We are more than 550 days into the presidency of Donald Trump. And I’m kind of giving up.
Week after week, I’ve looked for signs that he’s serious about helping American consumers. I’ve tried to keep a positive outlook, highlighting what he did for me in the first 100 days and the CFPB’s focus on debt collection. But far more often than not, it’s no news, slow news, or bad (fake!) news.
That’s why this is my last political column for the foreseeable future. If Trump does something big, we’ll cover it — but there’s not really enough to dissect weekly, and not much reason to think that will change, despite his early promises. I’ve enjoyed sparring with my Trump-defending colleague Holden Miller on all kinds of issues, but there’s just not enough substance behind Trump’s policies to keep talking about them.
You’ve got almost year-old tax cuts that haven’t boosted the economy or most Americans’ bottom line; an ongoing failure to “repeal and replace” Obamacare or substantially improve it with “something terrific“; a mindless and incoherent tangle of deregulation; whiplash-inducing trade policy. That’s about it.
So, for my final words on Trump and money in this space, I want to look back at what he promised and what he’s actually done.
“Teriffic” health care
During the campaign, Trump promised he would “repeal and replace” Obamacare almost as much as he talked about the wall. He said he would “work out some sort of a really smart deal with hospitals across the country.”
We’re now on our second health secretary — as you know, Trump only hires the best people. And despite a year and a half of a fully Republican-controlled Congress, which campaigned on and tried to repeal Obamacare dozens of times over the last six years of Obama’s presidency, Obamacare is still the law of the land.
It’s not an improving law, but it is one the industry has adjusted to, accepted. and begun profiting from. Plan enrollment is up, despite Trump choosing to advertise the enrollment period less and trying to fight the law bureaucratically.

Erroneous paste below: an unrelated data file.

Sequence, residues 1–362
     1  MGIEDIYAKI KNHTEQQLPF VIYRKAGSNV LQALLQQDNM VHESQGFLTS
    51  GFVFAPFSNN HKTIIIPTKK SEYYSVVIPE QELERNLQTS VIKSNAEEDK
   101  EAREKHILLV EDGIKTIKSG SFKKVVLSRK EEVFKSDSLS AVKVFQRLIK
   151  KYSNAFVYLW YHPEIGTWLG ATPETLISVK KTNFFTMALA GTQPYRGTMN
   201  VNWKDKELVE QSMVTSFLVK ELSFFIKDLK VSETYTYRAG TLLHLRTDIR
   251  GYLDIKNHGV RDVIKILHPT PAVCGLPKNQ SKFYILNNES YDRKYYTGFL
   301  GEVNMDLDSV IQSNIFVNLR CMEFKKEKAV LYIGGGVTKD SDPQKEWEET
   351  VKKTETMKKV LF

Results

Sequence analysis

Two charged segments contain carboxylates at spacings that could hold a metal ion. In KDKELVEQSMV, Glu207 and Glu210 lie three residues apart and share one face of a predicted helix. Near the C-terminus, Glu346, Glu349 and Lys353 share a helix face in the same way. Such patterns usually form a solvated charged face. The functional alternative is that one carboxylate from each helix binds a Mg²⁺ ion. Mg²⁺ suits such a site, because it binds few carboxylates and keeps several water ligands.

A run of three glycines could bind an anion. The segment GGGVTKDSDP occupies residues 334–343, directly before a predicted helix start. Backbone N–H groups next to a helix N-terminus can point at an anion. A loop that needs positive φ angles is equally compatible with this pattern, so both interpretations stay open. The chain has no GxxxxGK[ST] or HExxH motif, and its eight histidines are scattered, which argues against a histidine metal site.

But prices aren’t getting lower and the law is languishing in the unfinished, stripped down version it was passed in back in 2010. It was supposed to be a stepping stone to better health care. But the only thing of note Trump has accomplished is, through the tax bill, removing the penalty for not having health insurance. And that doesn’t kick in for another tax year, either.
This is the one big concrete financial promise Trump has managed to keep, for all the good it did. (You notice nobody is talking about it anymore, and Trump never hesitates to toot his own horn.) We were told it would simplify the tax code and that “more than 70 percent of this [tax cut] will be returned to workers.”
It did not simplify the tax code or the tax-filing process. It’s not putting more money in the average person’s wallet, or spurring the economy to new heights.
Companies are using the opportunity to bring back offshore cash more cheaply and buy back their own stock. That’s great for investors — and that’s it. They aren’t using the money to raise wages significantly or create new jobs. There were some preplanned year-end bonuses companies in certain industries were happy to toss Trump credit for, but no real gains for most of us. My paycheck hasn’t gone up — has yours?
25 million jobs
To be fair, this promise was always for 10 years out. But Trump is not on track to meet that goal, and there are signs the economy is going to stall or fall.
What we saw last year was the slowest job growth in seven years. Jobs are growing more slowly than they were under President Obama, not faster.
We added 2.34 million jobs in 2016. We added 2.19 million jobs in 2017. So far in 2018 we’ve added 1.29 million, and the more recent numbers are just early estimates that may be revised downward.
To get 25 million jobs, we need to average 2.5 million per year. So he’s already operating at a half-million job deficit for 2016 and 2017, and that’s while the economy is humming along.
The math just isn’t there, and nothing Trump is doing with tariffs is helping. We’re already seeing thousands of jobs lost in the manufacturing, energy, and auto industries.
It’ll probably get worse before it gets better — deregulation will certainly continue at the Education Department and CFPB — but I’ll keep hoping for the best.
I just hope the best includes, you know, electing people who know something about the federal government and the economy before they start the job next time.
Article last modified on July 31, 2018. Published by Debt.com, LLC . Mobile users may also access the AMP Version: Has Trump Kept His Biggest Financial Promises to Americans? - AMP.
Article last modified on July 31, 2018. Published by Debt.com, LLC .